Acupuncture treatments can reduce the number of hot
flashes and night sweats associated with menopause by as much as 36 percent,
according to researchers at Wake Forest Baptist Medical Center. The findings
are published in the June issue of the journal Menopause.
“Although acupuncture does not work for every woman, our
study showed that, on average, acupuncture effectively reduced the frequency of
hot flashes and results were maintained for six months after the treatments
stopped,” said Nancy Avis, Ph.D., professor of public health sciences at Wake
Forest Baptist and lead author of the study.
The study, which was funded by National Institutes of
Health, included 209 women ages 45
to 60 who had not had a menstrual period for at least three months and had on
average at least four hot flashes or night sweats per day in the previous two
weeks. Participants received a baseline assessment and were then randomized to
one of two groups.
The first group received acupuncture
treatments during the first six months. They were then followed without
receiving acupuncture for the second six months. The second group did not
receive any acupuncture during the first six months, but did receive acupuncture
for the second six months.
The participants were
allowed up to 20 treatments within six months provided by licensed, experienced
acupuncturists in the community. All participants kept a daily diary on the
frequency and severity of their hot flashes. They also answered questionnaires
about other symptoms every two months.
Avis said the study was
designed to make it more “real world” by leaving the frequency and number of
the acupuncture treatments up to the study participants and their
acupuncturists. After six months, the first group reported an average 36.7
percent decline in frequency of hot flashes compared to baseline measurements. After
a year, the benefits persisted, with the group members maintaining an average 29.4
percent reduction from baseline.
The second group reported
a 6 percent increase in symptom frequency during the six months when they were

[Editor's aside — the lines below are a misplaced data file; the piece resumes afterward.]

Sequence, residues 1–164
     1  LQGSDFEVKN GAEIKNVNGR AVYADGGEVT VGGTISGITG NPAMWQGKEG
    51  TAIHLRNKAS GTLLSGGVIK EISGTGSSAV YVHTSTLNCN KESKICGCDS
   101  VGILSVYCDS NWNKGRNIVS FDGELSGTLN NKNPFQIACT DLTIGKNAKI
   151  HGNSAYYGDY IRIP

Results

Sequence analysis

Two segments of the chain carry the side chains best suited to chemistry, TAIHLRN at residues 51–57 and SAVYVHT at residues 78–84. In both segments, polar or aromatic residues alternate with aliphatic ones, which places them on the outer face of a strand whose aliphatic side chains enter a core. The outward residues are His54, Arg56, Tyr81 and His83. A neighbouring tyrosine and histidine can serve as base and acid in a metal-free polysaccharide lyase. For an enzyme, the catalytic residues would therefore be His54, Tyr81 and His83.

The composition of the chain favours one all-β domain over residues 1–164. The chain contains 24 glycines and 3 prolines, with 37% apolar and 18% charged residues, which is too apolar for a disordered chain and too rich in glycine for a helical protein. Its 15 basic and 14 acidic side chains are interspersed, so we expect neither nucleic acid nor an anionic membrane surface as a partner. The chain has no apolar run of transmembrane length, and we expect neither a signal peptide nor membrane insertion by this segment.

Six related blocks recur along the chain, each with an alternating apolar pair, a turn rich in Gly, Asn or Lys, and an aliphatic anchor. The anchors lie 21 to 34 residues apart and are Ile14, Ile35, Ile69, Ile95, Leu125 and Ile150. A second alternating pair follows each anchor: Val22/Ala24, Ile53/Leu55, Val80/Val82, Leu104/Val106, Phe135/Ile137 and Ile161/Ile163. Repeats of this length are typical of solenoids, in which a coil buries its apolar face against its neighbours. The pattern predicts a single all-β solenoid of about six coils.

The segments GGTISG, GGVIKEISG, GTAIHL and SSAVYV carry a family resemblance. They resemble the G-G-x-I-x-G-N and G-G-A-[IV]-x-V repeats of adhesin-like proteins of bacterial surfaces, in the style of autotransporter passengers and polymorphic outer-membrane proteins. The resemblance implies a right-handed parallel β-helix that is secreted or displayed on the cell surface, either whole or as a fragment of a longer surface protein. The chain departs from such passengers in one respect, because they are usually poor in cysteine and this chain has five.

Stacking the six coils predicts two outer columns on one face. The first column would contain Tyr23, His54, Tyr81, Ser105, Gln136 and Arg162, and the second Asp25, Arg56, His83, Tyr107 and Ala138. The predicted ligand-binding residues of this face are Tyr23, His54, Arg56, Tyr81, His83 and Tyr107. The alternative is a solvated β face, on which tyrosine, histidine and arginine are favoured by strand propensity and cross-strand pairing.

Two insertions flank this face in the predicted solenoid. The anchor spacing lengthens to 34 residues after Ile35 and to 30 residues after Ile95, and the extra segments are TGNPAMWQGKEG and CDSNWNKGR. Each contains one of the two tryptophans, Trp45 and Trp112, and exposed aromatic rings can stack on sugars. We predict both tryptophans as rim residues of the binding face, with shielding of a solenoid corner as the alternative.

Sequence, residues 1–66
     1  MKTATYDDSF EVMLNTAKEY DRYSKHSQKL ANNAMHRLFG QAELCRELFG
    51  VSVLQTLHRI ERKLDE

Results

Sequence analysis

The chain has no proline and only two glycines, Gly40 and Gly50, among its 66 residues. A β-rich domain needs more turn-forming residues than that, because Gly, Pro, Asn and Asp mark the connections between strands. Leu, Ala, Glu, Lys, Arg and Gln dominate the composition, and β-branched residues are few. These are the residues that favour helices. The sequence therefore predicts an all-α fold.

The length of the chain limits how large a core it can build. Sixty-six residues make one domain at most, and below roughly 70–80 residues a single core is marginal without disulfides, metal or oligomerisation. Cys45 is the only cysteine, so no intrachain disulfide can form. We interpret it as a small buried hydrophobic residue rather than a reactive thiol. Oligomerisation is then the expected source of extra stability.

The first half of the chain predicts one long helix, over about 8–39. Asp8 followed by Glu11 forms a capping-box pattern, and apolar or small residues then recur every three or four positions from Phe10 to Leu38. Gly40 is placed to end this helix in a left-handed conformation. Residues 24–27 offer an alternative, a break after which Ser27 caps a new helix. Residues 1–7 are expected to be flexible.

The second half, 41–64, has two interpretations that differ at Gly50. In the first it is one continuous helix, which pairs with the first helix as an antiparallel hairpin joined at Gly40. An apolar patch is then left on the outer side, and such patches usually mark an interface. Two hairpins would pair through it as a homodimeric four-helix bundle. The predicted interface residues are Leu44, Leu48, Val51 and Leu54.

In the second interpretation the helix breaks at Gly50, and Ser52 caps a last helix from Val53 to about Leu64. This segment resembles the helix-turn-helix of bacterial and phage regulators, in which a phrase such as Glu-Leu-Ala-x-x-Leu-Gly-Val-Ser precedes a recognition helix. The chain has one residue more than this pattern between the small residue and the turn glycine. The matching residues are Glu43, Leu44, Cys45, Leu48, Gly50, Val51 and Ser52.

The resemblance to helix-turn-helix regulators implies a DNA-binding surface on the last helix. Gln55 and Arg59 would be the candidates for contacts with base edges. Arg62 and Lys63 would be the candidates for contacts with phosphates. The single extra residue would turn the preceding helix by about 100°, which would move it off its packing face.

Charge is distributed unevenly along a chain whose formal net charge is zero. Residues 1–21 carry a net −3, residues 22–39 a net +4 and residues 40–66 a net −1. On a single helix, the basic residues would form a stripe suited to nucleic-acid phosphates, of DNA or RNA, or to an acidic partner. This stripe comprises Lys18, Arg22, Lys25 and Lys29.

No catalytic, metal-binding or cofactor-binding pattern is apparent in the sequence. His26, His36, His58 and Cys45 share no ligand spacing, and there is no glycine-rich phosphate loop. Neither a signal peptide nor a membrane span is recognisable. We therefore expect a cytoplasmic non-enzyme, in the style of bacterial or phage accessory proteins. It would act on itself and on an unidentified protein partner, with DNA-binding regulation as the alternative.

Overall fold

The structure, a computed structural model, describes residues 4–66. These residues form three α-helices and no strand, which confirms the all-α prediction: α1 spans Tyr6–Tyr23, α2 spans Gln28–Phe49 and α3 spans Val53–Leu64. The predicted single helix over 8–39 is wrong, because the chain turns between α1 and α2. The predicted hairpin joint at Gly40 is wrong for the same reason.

not getting acupuncture, but had similar results – an average 31 percent
reduction in frequency – to the first group after receiving acupuncture during
the latter part of the trial.
“There are a number of non-hormonal options for treating
hot flashes and night sweats that are available to women,” Avis said. “None of
these options seem to work for everyone, but our study showed that acupuncture
from a licensed acupuncturist can help some women without any side effects. Our
study also showed that the maximum benefit occurred after about eight
Avis cautioned that the effect shown in the study could
be due to non-specific effects such as the additional care and attention the
study participants received or the expectation of a benefit. She also said that
additional research is needed to identify individual differences in response to
Funding for the study was provided by grant RO1AT005854
from the National Center for Complementary and Integrative Health.
Remy R. Coeytaux, M.D., Ph.D., of Duke University School of Medicine; Scott
Isom, M.S., Kristen Prevette, B.A., and Timothy Morgan, Ph.D., of Wake Forest
Baptist. Coeytaux has a financial interest in two organizations involved in
recruiting study participants and administering acupuncture treatments at one
of the two study sites.